, Volume 5, Issue 3, pp 103-111

Evaluation and treatment of the patient coinfected with hepatitis B and HIV

Rent the article at a discount

Rent now

* Final gross prices may vary according to local VAT.

Get Access

Abstract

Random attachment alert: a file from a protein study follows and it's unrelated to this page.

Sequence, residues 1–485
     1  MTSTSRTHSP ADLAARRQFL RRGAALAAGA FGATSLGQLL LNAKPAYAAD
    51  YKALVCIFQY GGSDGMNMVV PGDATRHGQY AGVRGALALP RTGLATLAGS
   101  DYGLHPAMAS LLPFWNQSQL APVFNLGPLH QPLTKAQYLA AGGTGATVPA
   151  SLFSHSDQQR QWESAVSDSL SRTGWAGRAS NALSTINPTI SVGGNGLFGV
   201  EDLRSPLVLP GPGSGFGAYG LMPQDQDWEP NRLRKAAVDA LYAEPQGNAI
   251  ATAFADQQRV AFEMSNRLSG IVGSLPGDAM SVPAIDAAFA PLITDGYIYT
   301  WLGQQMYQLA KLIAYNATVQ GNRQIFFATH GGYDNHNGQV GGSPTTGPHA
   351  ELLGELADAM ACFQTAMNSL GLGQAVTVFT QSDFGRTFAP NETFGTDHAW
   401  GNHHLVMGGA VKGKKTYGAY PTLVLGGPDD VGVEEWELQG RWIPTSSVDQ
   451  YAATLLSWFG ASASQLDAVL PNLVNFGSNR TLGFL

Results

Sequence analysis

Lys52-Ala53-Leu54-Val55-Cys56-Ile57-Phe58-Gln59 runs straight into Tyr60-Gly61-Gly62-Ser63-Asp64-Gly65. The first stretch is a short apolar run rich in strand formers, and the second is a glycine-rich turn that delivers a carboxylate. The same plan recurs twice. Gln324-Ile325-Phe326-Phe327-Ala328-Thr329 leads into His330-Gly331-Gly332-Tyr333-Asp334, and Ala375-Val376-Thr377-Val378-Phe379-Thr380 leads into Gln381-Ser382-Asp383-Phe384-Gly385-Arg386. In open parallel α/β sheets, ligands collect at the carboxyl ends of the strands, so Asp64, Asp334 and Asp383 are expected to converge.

Hepatitis B virus (HBV) is a common coinfection in HIV-infected patients, and significant liver disease and mortality occur as the result of this disease combination. Potent anti-HBV therapy is available and can be used to improve outcomes by suppressing HBV DNA. Many HBV agents have dual activity with HIV and may be used to treat both diseases. However, care must be taken when using HBV nucleos(t)ides that have not been fully studied in the HIV-infected population because the emergence of strains resistant to HIV treatment has been reported. Careful monitoring of response to treatment is needed when treating an HIV/HBV patient with severe immune suppression. Improved ability to obtain long-term HBV DNA suppression and avoid resistance will translate into improved survival in this population.